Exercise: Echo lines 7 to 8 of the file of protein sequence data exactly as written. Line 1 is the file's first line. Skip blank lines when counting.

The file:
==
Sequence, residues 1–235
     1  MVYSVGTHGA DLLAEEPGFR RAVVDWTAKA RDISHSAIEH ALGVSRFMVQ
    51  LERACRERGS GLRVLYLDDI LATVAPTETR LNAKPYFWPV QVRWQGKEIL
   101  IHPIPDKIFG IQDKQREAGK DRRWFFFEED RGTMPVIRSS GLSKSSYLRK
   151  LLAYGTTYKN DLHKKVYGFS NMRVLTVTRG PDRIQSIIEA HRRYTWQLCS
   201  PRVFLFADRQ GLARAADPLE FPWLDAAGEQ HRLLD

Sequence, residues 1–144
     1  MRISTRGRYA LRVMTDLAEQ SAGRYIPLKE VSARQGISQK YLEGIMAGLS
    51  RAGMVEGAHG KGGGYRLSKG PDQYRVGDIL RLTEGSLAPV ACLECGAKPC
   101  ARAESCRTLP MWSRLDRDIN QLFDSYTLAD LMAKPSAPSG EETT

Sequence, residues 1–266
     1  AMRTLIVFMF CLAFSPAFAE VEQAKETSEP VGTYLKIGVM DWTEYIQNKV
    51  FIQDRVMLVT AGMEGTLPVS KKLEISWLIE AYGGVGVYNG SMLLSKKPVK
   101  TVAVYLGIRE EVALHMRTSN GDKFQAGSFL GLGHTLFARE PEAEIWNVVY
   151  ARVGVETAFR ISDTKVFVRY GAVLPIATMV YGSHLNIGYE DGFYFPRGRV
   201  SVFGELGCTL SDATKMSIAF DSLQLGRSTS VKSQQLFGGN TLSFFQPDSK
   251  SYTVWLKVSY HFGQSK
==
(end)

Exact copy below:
Sequence, residues 1–144
     1  MRISTRGRYA LRVMTDLAEQ SAGRYIPLKE VSARQGISQK YLEGIMAGLS